Girls who start menstruating earlier on could be at a higher risk of developing diabetes during pregnancy, a new study suggests.
According to researchers at the University of Queensland, girls who get their first period at age 11 or younger are 50 per cent more likely to develop gestational diabetes than those who start their periods at age 13 or later.
(Gestational diabetes is a type of diabetes that happens during pregnancy, Diabetes Canada explains. A woman’s body is unable to produce enough insulin to handle hormone level changes.)
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“This finding could mean that health professionals will start asking women when they had their first period to identify those at higher risk of gestational diabetes,” says Danielle Schoenaker, co-author of the study, in a statement.
Schoenaker and her team examined data from more than 4,700 women from the Australian Longitudinal Study on Women’s Health when they discovered the possible correlation.
The association still existed even after the team took into account body mass index (BMI) and childhood, reproductive and lifestyle factors.
“A large proportion of women who develop diabetes during pregnancy are overweight or obese, and encouraging those with an early start of puberty to control their weight before pregnancy may help to lower their risk of gestational diabetes,’ Schoenaker says.
The research was published Sunday in the American Journal of Epidemiology.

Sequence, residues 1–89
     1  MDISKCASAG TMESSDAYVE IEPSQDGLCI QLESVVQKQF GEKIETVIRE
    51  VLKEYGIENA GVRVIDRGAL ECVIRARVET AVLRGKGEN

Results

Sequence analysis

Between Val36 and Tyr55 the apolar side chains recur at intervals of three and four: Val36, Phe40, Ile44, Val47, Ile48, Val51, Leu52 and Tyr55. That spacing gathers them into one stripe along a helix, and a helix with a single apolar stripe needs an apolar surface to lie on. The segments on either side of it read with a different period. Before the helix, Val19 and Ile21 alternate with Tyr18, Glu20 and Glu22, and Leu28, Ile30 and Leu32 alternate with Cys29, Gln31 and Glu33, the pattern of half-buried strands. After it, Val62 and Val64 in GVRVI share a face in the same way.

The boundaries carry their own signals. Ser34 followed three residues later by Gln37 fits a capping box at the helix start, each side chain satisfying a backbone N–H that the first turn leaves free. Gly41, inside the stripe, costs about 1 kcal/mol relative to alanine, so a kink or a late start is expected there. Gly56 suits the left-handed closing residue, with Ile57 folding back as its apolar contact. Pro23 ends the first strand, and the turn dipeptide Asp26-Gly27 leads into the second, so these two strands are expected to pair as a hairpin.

This isn’t the first time a link between the two has been found.
Last year, Clemson University researchers followed more than 27,000 women and found that girls who started at age 11 or earlier were at a 39 per cent higher risk of developing gestational diabetes than girls who started at age 14 or later.
They also found early menstruation was associated with obesity in adulthood, another risk factor often associated with gestational diabetes.
Another 2016 study found that gestational diabetes also has an effect on babies.
According to Imperial College London, babies of mothers with gestational diabetes tend to have more body fat at two months of age compared to babies born to healthy mothers.
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Researchers were not able to find a reason as to why this was, but they speculate that a mother’s gestational diabetes may be able to change the baby’s metabolism while in the womb.
Diabetes Canada says that babies born from mothers with gestational diabetes will not be born with diabetes. If left untreated, however, it can lead to high blood pressure for the mother and increase the risk of the baby weighing more than nine pounds, resulting in a difficult delivery.
Risk factors associated with gestational diabetes include being over the age of 35, obese and from a high-risk group (Aboriginal, Hispanic, South Asian, Asian and African). Other risk factors include pre-diabetes and a parent or sibling with type 2 diabetes.
As of 2010, the rate of gestational diabetes in Canada (except Quebec) is 54.5 per 1,000 deliveries, the Government of Canada reports.